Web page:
Faith to Move the Mountain

“Have faith in God. Truly, I say to you, whoever says to this mountain, ‘Be taken up and thrown into the sea.’ And does not doubt in his heart, but believes that what he says will come to pass, it will be done for him. Therefore I tell you, whatever you ask in prayer, believe that you have received it, and it will be yours.” Mark 11:22-24)

This past Sunday was one of the hardest sermons that I’ve ever had to preach. It wasn’t theologically complex, it wasn’t a sensitive subject, and it wasn’t in response to any given situation. No, I had to stand before a church full of people and honestly tell them “Have faith in God. Whoever says to this mountain, Be taken up and thrown into the sea, and does not doubt in his heart, but believes that what he says will come to pass, it will be done for him.” Really? So, if it’s not obvious, here’s why this was so hard to preach. First, there are no qualifications. No “but’s!” No “what about(s)!” Jesus will be crucified by the end of the week and with some of his last words he urges radical faith without a “counter balance,” if you will. Secondly, isn’t this dangerous? Doesn’t this lead to despair? Doesn’t this pin the lack of the miraculous on your lack of faith? What happens when the mountain isn’t tossed into the sea? Thirdly, do I even believe this? Am I telling God’s people to do what I myself am unable to? #conviction

So, what did I do? I preached it. Despite my stumbling, mumbling, and bumbling… I preached it. Here’s why:

  1. Faith Qualifies Itself. Faith is simply trusting God. It’s interesting how Jesus highlights faith as central to what he says in Mark 11:20-25. So, think about it… If we are trusting God, sincerely, then we trust that God loves us, that his wisdom is perfect, and that he desires what is good in our lives (in conformity to his Son). Therefore, faith doesn’t have to demand that the mountain be tossed into the sea. In fact, faith doesn’t demand that God has to work in any particular way. True faith, or trusting in God, is resting in his wisdom. If necessary, yes, he can and will move the mountain. But, faith doesn’t “rebuke it in the name of Jesus.” Faith is not demanding. In fact, I would argue that it cannot be demanding if it is authentic. We cannot say we “trust God” if we require God to work like a genie in the bottle and grant our every desire. No, faith says to the mountain, “My God is bigger! My God loves me! My God knows what is best for me! You cannot compete with my God!” So, yes, there are times when our faith pours out of us words of power over the mountain. But faith knows that it is not we who are able to move it. God alone moves mountains according to his eternal and sovereign decree. So, genuine faith qualifies and regulates itself.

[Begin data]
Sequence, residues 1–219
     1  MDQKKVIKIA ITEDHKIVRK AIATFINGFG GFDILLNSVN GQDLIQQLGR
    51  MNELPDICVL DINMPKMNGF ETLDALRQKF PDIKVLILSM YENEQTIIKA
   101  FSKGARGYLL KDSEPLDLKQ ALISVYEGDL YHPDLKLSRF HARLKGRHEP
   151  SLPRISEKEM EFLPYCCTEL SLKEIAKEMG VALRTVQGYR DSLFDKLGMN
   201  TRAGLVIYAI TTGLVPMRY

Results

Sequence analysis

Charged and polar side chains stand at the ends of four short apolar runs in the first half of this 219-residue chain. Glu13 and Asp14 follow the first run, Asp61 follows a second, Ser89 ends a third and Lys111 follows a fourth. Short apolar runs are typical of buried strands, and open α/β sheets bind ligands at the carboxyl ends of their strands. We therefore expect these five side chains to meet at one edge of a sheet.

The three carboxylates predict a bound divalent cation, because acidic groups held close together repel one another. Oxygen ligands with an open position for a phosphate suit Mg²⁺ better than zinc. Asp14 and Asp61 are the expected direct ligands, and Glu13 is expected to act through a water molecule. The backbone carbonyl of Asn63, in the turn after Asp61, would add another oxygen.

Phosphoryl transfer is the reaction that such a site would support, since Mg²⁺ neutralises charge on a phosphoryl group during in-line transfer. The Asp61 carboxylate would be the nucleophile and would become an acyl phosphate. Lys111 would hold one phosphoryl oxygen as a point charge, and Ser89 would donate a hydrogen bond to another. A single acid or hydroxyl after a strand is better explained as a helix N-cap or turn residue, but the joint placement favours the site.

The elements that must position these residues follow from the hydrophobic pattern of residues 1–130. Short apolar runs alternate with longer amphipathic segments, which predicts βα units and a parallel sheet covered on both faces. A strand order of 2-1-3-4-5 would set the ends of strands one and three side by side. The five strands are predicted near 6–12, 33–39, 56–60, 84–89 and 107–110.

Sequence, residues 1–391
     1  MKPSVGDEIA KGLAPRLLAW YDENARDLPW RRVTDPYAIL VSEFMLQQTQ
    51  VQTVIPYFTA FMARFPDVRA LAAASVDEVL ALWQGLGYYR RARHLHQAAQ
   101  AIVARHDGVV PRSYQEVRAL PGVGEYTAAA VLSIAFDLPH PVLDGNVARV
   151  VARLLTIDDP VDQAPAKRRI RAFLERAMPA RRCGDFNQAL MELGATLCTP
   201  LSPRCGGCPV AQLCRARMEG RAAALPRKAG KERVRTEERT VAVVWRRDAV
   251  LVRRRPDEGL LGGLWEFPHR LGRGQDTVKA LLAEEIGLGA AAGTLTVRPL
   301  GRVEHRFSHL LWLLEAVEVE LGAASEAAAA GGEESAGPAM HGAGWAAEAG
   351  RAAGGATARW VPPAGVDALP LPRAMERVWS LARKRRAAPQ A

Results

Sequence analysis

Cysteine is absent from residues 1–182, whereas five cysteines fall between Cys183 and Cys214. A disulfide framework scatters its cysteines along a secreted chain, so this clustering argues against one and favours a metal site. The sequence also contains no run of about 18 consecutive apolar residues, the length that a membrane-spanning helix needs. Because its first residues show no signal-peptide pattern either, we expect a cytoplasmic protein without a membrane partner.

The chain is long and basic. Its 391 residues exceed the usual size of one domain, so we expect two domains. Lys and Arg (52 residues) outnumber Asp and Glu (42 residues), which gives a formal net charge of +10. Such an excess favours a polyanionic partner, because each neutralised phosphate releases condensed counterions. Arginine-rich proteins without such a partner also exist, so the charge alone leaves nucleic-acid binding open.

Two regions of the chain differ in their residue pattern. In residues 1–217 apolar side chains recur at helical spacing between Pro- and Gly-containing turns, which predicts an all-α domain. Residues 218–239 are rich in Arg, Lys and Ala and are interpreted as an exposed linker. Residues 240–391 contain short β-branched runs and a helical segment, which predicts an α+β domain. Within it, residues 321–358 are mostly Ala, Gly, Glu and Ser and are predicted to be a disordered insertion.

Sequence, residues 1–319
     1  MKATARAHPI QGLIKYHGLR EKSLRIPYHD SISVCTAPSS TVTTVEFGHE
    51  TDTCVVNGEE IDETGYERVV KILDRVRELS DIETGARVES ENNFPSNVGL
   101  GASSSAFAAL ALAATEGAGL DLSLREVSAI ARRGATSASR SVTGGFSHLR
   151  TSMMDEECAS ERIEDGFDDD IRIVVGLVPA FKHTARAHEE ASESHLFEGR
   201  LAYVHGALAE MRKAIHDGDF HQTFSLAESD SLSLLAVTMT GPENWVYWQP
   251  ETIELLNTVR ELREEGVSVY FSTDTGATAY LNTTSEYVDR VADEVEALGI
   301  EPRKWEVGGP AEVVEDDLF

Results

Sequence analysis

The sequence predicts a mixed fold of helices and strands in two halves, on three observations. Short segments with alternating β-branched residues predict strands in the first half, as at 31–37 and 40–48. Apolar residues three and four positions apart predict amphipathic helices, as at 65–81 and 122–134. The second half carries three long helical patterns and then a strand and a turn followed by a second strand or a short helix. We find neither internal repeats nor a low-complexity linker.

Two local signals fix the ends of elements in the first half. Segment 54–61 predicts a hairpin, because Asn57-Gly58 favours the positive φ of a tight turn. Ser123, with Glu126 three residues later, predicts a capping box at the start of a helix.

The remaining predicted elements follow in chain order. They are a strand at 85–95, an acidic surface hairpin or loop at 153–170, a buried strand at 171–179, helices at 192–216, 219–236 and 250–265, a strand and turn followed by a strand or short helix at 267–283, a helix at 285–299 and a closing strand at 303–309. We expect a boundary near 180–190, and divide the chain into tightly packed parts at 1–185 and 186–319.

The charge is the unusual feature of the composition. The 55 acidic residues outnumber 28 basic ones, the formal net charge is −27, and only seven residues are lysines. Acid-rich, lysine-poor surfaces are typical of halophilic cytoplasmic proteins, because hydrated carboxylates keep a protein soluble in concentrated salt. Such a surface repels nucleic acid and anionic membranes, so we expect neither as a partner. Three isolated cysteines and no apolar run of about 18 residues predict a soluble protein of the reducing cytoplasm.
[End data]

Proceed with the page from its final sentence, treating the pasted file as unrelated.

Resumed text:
1. God Didn’t Cast Mt. Calvary Into the Sea. Jesus prayed in the Garden of Gethsemane the night before his death. “Let this cup pass from me.” Or, in other words, “Cast this mountain into the sea.” The next day, he was crucified. Did Jesus lack faith? Of course not. As we all know, he followed up this request with, “nevertheless, not my will…” If faith regulates itself, then we accept the reality that sometimes God would have the mountain remain right where it is. Sometimes, faith requires us to throw our will into the sea rather than any mountain. So, Jesus’ words are not cause for despair. Just because the mountain isn’t moving doesn’t necessarily imply a lack of faith. No, Jesus was encouraging his disciples to believe that the impossible is possible, not leading them into hopelessness. Moreover, at least three of the disciples that were present for Jesus’ words in Mark 11 were present in the Garden with Jesus a few chapters later. They apparently saw no contradiction between what Jesus taught and what he demonstrated. They came to understand that faith isn’t a magic potion that manipulates the hand of God according to our will. Faith yields to God’s wisdom.
  2. God Wants You to Believe the Impossible. That’s the point. The disciples saw the power of Jesus’ words when he cursed the fig tree in chapter 11. Jesus says this same power resides with every believer through faith (Mark 11:20-21). This is unimaginable, this is mind-blowing, this is hard to believe… Yes, says Jesus! You’re on the right track. Of course we all struggle with this (including pastors!)! But, faith is a gift and one that he himself sustains. Our prayer as we read this should be, “Help us to believe this wonderful truth.” Like the father of the young boy in Mark 9 we pray “I believe! Help my unbelief!” So, if you struggle with this, you’re in good company. In fact, it’s impossible to believe outside of the Spirit’s work.

So, yes, this was a difficult sermon. Jesus refuses to let us settle for anything less than a faith that believes God is able and willing to do amazing things. So, this week what mountains do you face? Do you believe that God is able to move them? Do you believe that he loves you? Do you trust him? Be blessed. Be bold. Be faithful.

Soli Deo Gloria!

Pastor Matthew S. Rickett

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